Bar News - October 15, 2014
Alternative Dispute Resolution: Using Collaborative Law in a Business Setting
By: Bruce L. Dorner and Loretta L. C. Brady
If the multigenerational history of tensions within the Demoulas family wasn’t already apparent, this summer’s Market Basket worker strike and resulting board reversal served as a reminder of the very personal nature of business relationships.
As it has for more than 10 years in family law practice, the Collaborative Law (CL) process represents a useful tool for efficiently reaching a lasting resolution in sensitive business disputes.
What Is CL?
In the CL process, parties agree to resolve their differences by working with separate lawyers and other neutral professionals (financial, organizational change professionals, etc.) as a team.
The attorney and neutral professionals agree to limit their work with the parties to the matter at hand, and the “disqualifying rule” limits the threat of litigation – parties agree that their CL lawyers, and other members of the CL team, will not represent them in litigation should the process fail. These rules serve to maintain a focus on settlement, because no one wants to start over with new counsel. Efficiency is leveraged with a direct benefit to reputation and relationship preservation.
In the CL process, discovery happens at the start of the process and is transparent, confidential (no court filings) and voluntary. Information is used to obtain a mutually satisfying result in an efficient and cost-conscious manner.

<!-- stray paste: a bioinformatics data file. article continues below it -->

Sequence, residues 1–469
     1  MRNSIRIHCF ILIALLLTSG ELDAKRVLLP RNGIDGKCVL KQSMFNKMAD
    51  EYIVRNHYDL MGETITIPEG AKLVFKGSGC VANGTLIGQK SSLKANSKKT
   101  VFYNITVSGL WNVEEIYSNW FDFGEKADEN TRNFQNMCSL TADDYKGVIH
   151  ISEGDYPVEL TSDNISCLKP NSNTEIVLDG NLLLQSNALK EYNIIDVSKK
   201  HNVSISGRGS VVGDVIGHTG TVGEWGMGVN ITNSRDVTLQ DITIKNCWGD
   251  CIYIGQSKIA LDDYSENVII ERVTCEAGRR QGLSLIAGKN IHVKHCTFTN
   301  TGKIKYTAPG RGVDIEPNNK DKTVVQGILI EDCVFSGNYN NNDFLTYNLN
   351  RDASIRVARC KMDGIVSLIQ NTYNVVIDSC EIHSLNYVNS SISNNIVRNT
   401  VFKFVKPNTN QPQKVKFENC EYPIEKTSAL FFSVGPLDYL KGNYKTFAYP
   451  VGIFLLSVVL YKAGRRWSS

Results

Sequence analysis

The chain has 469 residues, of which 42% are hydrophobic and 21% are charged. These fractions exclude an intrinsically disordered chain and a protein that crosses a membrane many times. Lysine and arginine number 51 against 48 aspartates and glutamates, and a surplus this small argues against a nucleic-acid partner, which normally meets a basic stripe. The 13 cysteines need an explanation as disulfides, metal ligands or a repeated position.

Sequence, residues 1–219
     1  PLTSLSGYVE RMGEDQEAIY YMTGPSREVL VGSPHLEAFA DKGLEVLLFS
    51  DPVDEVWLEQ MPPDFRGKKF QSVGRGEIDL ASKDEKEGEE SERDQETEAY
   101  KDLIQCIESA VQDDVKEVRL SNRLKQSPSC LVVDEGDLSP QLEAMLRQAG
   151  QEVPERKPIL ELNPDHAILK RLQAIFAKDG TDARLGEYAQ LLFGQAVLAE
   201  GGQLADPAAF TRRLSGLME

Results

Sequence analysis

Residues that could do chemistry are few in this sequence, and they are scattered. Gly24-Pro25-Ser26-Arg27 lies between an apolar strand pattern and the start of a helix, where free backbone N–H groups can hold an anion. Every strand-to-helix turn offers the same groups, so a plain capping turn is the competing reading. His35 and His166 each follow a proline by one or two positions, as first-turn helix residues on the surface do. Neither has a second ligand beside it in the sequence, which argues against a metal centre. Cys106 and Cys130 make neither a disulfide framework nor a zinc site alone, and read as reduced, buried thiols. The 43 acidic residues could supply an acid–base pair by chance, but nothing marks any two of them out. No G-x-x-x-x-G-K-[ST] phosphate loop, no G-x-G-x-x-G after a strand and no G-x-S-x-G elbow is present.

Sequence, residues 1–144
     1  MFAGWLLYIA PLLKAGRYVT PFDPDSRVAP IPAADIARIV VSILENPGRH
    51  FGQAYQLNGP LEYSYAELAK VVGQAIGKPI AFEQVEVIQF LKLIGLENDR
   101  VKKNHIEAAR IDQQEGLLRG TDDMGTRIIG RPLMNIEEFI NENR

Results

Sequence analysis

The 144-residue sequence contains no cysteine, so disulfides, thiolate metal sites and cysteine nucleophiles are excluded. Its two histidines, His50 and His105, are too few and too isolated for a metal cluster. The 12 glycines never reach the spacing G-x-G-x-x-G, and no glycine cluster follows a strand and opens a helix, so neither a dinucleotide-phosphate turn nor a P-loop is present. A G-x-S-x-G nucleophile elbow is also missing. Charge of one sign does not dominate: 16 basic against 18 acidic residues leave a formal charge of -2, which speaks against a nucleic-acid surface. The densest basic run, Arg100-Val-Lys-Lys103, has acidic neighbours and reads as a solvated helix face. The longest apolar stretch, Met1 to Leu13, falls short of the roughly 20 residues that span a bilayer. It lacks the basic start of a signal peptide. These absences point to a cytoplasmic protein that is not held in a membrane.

Unlike in litigation, there is no fight to the death, but a look toward restructuring the business, much like a divorce restructures the family. CL centers the resolution efforts on reputation, relationship (between partners, customers, and within the organization), and efficiency (rather than a cat-and-mouse game).
A Hypothetical Case Study
What might a CL case look like? Here’s a hypothetical: Two partners – we’ll call them Joe and Barbara – in ABC, LLC are moving toward the next chapter of their lives. They started making widgets about 10 years ago. The business thrived and is moderately profitable. Both of them have derived comfortable incomes from the business.
The older partner, Barbara, wants to take the business in a new direction and is confident she can double the gross income. However, it will take a large infusion of capital to upgrade the production line. The younger partner, Joe, is raising a family and can’t afford to contribute more capital, nor does he want to risk his personal credit on this venture. There are two parties, two visions of the future, and two reasonable demands that are not mutually compatible.
Neither Joe nor Barbara wish to sell to the other. They each believe the other’s offer is less than the perceived value of the business. They are both emotionally attached to the business. Each wants “custody,” and neither is willing to give up control. If litigation ensues, they risk the loss of their respected status in the marketplace. They fear their customers will seek widgets elsewhere. Additionally, both partners appreciate the cost of lawyers and the delays in litigation – and the potential harm to their 10-year relationship.
Contacted by Barbara and Joe, two CL-trained attorneys gather the facts and discuss the interests of both parties and how they might address the needs of their clients. Given the emotional nature of any business dispute, often cited as greater than the stress of divorce, the attorneys jointly recommend using a CL “coach.”
The Role of the Coach
The coach in civil CL is a licensed mental health professional, often a psychologist, who has knowledge of business and organizational processes and has been specially trained in CL. The coach meets with each party individually, then jointly, to gain an understanding of the emotional needs and abilities of the parties to actively engage in discussion and exploration of options to settle their differences.